Marijuana and Cannabis News
|Norm Stamper, LEAP: "Everyone knows that marijuana prohibition has failed"|
Law Enforcers Say Ending Prohibition Will Improve Public Safety
A group of police officers, prosecutors, judges and other criminal justice professionals - including Seattle's former chief of police - is endorsing I-502, the Washington initiative to regulate and tax marijuana that voters will decide on this November.
Norm Stamper, the former Seattle chief and a spokesman for the group Law Enforcement Against Prohibition (LEAP), said, "Everyone knows that marijuana prohibition has failed. When even those who once worked to enforce these laws are saying this, the only logical next step is to enact a system that legalizes, regulates and controls marijuana.
"Doing so will not only take money away from the gangs and cartels that sell marijuana now, but will generate new, much-needed revenue that can be used to pay the salaries of police officers and teachers and for substance abuse prevention and education," Stamper said.
"Replacing the criminalization of the marijuana trade with a public health approach grounded in science will allow our criminal justice system to fully focus on stopping and solving violent crimes and crimes against property," added David Nichols, a retired judge in Bellingham. "We don't need the backs of our police cars, our courtrooms or our jails filled with people caught on marijuana charges."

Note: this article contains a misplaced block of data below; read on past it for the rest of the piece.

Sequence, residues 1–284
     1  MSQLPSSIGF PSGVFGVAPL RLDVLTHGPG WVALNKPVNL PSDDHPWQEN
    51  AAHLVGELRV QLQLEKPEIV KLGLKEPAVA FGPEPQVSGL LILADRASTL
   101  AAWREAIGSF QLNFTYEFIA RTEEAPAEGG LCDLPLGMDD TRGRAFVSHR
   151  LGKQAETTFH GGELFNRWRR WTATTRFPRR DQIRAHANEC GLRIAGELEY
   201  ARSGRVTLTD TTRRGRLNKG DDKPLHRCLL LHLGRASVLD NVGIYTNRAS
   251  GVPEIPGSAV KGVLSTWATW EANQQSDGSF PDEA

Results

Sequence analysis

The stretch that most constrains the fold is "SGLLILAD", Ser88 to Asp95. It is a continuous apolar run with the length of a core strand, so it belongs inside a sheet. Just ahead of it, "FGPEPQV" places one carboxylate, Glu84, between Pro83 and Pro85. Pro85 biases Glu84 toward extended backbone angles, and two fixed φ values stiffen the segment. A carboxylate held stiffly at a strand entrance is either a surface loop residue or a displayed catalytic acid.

(I hope that goes for marijuana DUI charges as well, since I-502 also creates a new per se five nanogram per milliliter [5 ng/ml] blood THC limit, superseding Washington's current law, which is based on actual impairment.)
If I-502 is passed, there will be penalties in place to punish driving with a blood THC level more than 5 ng/ml, or use by persons under 21 years old (for whom a zero tolerance DUI rule would apply).
I-502 would strictly regulate the sale of marijuana to adults over 21. The initiative would not change laws regarding medical marijuana or impairment in the workplace.
"By regulating and controlling marijuana, we will make it less available to teenagers," said James Doherty, a former prosecutor who lives in Seattle. "Ask any high school student whether it is easier to get marijuana or alcohol. Most will say marijuana, because alcohol is regulated and controlled under the law, and marijuana is controlled by illegal dealers who don't ask for I.D."
Recent statewide polling shows a double-digit margin of support for the initiative.
Other high-profile criminal justice professionals who have endorsed I-502 include former FBI special agent in charge Charles Mandigo and former US Attorneys John McKay and Katrina C. Pflaumer.
Coloradans will also vote on a statewide initiative to legalize and tax marijuana this November.